From Feb. 1, Prezi will also stop holding meetings on a Wednesday to allow its 300 employees in 13 countries to have uninterrupted “flow time,” he said, meaning people can “push hard” for two days, rebuild their energy and gather their thoughts midweek, and then continue to work more intensely for the remaining days.

Avoiding Irrelevance

Martin Smith is CEO of tech PR firm Sonus, a company that is also looking to run meetings more efficiently.

Smith decided to replace a regular all-staff catch-up with 15-minute meetings on a Monday for teams to confer on relevant clients. This meant employees avoided sitting through extraneous conversations and also helped Smith streamline his own schedule. “Going from meeting to meeting to meeting [previously] … there was actually very little time to sit down, write or think … [now] I’ve got these wide gaps on my calendar where I can actually focus,” he told CNBC via video call.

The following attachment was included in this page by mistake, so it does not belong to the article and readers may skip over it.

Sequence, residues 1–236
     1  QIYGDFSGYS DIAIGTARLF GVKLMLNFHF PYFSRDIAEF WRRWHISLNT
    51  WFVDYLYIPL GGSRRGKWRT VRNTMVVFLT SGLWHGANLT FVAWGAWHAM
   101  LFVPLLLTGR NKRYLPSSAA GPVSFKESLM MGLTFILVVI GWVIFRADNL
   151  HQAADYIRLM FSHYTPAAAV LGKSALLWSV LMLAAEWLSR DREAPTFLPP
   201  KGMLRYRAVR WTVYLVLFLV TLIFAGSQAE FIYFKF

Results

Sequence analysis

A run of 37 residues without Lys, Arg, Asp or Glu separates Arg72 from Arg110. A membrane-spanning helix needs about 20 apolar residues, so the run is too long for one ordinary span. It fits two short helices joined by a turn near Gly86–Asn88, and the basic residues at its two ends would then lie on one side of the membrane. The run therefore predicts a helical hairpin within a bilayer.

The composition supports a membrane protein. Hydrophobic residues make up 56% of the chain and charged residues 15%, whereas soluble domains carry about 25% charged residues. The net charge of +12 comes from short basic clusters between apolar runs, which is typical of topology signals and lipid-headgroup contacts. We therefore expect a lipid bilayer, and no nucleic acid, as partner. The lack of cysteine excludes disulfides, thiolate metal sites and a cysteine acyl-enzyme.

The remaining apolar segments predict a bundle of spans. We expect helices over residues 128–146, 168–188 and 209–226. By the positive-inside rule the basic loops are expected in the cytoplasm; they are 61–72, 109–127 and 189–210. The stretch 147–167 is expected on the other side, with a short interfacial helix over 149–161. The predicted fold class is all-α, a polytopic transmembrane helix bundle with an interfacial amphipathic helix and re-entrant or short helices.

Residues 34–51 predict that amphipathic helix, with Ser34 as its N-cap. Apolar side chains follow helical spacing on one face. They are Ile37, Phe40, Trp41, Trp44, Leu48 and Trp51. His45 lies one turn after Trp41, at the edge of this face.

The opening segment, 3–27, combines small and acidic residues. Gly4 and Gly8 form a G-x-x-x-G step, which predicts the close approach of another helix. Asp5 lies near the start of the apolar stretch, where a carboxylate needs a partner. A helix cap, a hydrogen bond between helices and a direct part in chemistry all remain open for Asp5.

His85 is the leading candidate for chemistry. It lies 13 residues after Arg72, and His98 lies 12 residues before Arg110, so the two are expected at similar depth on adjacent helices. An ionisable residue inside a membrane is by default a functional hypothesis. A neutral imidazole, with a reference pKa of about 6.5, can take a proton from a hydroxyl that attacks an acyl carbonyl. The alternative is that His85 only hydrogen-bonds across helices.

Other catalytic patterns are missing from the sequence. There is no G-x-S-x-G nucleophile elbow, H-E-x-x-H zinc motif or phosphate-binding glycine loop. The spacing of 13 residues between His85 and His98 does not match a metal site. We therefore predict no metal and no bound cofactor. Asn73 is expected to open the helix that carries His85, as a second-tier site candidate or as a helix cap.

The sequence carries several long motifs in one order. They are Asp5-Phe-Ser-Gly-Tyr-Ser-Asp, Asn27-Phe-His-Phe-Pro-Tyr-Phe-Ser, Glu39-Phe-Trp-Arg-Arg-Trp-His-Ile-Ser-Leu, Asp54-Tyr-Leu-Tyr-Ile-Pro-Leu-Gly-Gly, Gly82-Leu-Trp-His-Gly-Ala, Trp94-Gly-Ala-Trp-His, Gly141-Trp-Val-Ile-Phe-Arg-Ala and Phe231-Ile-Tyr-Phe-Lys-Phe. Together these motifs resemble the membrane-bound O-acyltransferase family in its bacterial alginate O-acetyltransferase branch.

The business has picked up several new clients in the past few months and now uses integration software ClickUp to run projects and help its 15 U.S. and U.K-based staff communicate effectively. The new system, combined with the shorter meetings, has increased the “professionalism” of the business, Smith said. “To be able to present a more structured and thoughtful approach to [clients] helps make us ‘stickier,’” he added.

Software company Zapier has been fully remote since it was founded in 2011 and now has a workforce of around 500 people in 38 countries. Individual teams used to run short, daily meetings over Zoom — known in the tech industry as “standups” — where each person updated coworkers on what they’d done over the past day, what they planned to do during the next one and any issues they were having.

But, in a 2020 blog post, Zapier explained how its standups sometimes went “off the rails” and got into detailed engineering speak between two participants that might be irrelevant for the rest of the team.